Safe Work Australia consulted the Communications Reference Group about key agency activities throughout 2014–15, including the development of the Communications and Stakeholder Engagement Strategy, Safety Month, the Virtual Seminar Series and World Day for Safety and Health at Work and Workers’ Memorial Day.

Research and Evaluation Reference Group

The Research and Evaluation Reference Group (RERG) comprises members with a sound understanding of research or evaluation. It also has representation from New Zealand’s Ministry of Business, Innovation and Employment. In 2014–15 RERG met three times and advised on the identification, conduct and reporting of research and evaluation projects, contributed to the development of the annual Research and Evaluation Work Plan, provided comment on draft Safe Work Australia research reports and discussed the emerging issues pilot programme.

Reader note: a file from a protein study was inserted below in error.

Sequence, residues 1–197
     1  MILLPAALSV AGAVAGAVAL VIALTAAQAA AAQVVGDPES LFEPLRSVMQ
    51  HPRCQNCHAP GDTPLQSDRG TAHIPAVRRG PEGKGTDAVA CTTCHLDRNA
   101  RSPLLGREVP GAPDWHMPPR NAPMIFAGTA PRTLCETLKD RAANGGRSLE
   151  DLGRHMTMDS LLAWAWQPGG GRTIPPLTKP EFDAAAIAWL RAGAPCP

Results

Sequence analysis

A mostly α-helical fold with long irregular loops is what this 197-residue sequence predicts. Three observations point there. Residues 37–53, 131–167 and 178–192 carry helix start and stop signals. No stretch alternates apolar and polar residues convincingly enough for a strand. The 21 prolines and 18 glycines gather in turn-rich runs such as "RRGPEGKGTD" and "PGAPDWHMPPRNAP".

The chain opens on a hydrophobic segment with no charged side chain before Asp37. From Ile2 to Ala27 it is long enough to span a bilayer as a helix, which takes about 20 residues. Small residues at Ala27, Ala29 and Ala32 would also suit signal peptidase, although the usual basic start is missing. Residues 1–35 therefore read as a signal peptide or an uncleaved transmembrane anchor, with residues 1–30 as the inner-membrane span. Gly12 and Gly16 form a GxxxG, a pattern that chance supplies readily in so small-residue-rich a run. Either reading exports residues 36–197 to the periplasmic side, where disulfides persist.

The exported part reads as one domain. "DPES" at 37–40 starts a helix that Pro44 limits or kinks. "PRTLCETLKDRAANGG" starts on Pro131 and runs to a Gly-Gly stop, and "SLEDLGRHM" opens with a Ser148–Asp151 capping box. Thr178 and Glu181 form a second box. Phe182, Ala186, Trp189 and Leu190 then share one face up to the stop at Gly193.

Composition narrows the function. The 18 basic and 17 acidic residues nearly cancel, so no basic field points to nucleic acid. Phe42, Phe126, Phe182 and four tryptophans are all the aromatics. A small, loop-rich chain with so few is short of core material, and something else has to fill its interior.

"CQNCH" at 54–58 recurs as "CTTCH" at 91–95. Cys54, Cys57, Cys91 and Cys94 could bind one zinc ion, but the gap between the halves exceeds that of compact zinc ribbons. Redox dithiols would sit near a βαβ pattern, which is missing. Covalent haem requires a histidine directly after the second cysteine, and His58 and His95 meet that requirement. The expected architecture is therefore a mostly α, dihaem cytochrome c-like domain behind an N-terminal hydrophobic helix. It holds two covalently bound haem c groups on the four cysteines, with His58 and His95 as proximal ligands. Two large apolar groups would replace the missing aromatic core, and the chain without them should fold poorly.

Data Reference Group

The Data Reference Group met once during 2014–15 to discuss a range of topics, including a data sharing agreement with the University of New South Wales, indicators used in the Comparative Performance Monitoring report and the annual Psychosocial Health and Safety and Bullying in Australian Workplaces report.

Other committees

The Chief Executive Officer of Safe Work Australia represents Safe Work Australia on the committees described in the table below.

Committee Description Representation
Safety Rehabilitation and Compensation Commission (SRCC) The SRCC is a statutory body with regulatory functions relating to Comcare and other authorities which determine workers’ compensation claims under the Commonwealth scheme. Commissioner
Heads of Workplace Safety Authorities (HWSA) HWSA is a group comprising representatives of the jurisdictional bodies responsible for the regulation and administration of workplace health and safety in Australia and New Zealand. HWSA mounts national compliance campaigns targeted at specific industries. These campaign initiatives facilitate the development of consistent approaches to nationally recognised priorities. Observer